9

What does the somatic mutation theory of aging predict?

DNA damage is the primary cause of aging, leading to replicative errors, mutations, persistent DNA damage, and genomic instability

10

What is the proteostatic Stress Theory of Aging talking about?

Protein dysfunction, disruption of cell membranes, formation of toxic protein aggregates, and apoptotic or non apoptotic cell death

11

Of the Ames and Snell mice, which lived longer? What cascade would normally be triggered with GH?

Dwarf mice defective in GH or GH receptor knocked out;
GH --> IGF-1 --> PI3 Kinase --> Akt --> mTor --> Aging; Akt inhibits FOXO, which would otherwise prevent aging

12

When FOXO is upregulated, what happens? If you downregulate mTOR, what happens to a cell? What can downregulate mTOR as a drug? What upregulates mTOR and what downregulates it?

Cell maintenance, stress resistance, and metabolic homeostasis;
decreased cell growth and increased cell maintenance and repair;
Rapamycin;
Aa's, inflammation, insulin/IGF-1 upreg, low energy/AMPK and stresses downregulate

13

In Laron syndrome, what do patients end up having?

Free of cancer and with low blood insulin levels, as well as higher insulin sensitivity levels; however, they don't have longer lifespans and can actually suffer from obesity

14

How much of longevity is attributable to heriditary factors? When do you feel impact of genetic factors?

25%; past the age of 60

15

What genes have been found to be associated with longevity?

FOXO3A (controls growth, metabolism, stress resistance), CETP (transport of cholesteryl esters and triglycerides between lipoproteins), APOC3 (component of VLDL that inhibits LPL), TOMM40 (encodes protein translocase on mito outer membrane)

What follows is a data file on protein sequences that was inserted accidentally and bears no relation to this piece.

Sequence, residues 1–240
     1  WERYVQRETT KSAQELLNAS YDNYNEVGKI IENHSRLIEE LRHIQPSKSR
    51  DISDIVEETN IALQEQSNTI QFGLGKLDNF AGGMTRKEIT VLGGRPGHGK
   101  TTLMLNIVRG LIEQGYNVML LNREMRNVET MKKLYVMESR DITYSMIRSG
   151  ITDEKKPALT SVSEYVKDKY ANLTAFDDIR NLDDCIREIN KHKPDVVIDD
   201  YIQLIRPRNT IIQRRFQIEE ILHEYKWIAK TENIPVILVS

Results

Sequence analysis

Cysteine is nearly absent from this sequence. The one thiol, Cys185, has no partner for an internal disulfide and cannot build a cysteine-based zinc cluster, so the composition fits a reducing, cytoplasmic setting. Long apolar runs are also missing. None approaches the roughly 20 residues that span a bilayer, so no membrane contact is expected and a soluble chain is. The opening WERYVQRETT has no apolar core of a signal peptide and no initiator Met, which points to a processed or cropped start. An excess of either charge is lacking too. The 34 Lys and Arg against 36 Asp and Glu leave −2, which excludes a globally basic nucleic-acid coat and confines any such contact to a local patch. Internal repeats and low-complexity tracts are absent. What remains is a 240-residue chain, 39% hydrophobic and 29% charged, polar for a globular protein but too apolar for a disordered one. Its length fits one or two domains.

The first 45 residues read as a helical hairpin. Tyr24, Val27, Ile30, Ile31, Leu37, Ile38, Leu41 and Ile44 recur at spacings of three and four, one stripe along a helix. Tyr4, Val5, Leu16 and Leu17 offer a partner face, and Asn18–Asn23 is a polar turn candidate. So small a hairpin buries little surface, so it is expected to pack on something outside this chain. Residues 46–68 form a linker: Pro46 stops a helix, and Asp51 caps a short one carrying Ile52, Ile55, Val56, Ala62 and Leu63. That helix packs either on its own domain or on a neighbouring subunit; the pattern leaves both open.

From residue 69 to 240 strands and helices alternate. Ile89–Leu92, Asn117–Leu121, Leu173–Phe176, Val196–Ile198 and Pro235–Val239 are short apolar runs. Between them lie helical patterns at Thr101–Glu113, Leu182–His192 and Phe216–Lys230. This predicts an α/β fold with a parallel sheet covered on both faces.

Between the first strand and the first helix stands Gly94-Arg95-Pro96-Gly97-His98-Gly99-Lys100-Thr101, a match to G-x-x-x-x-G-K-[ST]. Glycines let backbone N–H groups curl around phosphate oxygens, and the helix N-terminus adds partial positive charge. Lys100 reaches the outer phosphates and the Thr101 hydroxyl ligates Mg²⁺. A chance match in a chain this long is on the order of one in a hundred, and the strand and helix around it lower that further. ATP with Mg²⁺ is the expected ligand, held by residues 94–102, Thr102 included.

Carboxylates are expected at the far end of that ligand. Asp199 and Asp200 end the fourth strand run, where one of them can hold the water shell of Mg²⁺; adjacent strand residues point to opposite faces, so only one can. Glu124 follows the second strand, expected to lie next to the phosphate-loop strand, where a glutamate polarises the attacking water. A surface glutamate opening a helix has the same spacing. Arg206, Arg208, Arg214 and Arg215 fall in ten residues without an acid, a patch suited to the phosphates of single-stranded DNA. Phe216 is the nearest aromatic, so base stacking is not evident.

16

What is associated with Hutchinson Gilford Progeria Syndrome? What is it a member of in terms of syndromes?

Elevated DNA damage, epigenetic alterations, chronic p53 signaling, inflammation, metabolic alterations, autophagy deregulation, stem cell dysfunction, protein dyshomeostasis; segmental progeroid syndromes (could show cardiovascular aging but no neurodegeneration and cancer)

17

How can caloric/dietary restriction help increase max lifespan?

Activating FOXO TF (increase stress resistance), reduce mTOR signaling (decrease protein translation), activate AMPK and AMP to remodel metabolism, and increase autophagy; also decrease insulin/IGF-1

18

What can exercise help do at molecular level?

Increased ATP synthesis and O2 consumption, increased hormetic response and stress signaling, increased mito density and metabolic capacity and resistance to oxidative stress, and then increased bioenergetic reserve, these latter two inhibiting aging process

19

What can downregulate mTOR as a drug? What is a downside to reduced mTOR signaling? What is another "anti-aging" compound?

Rapamycin; immunosuppression;
resveratrol, a polyphenol from red grape skins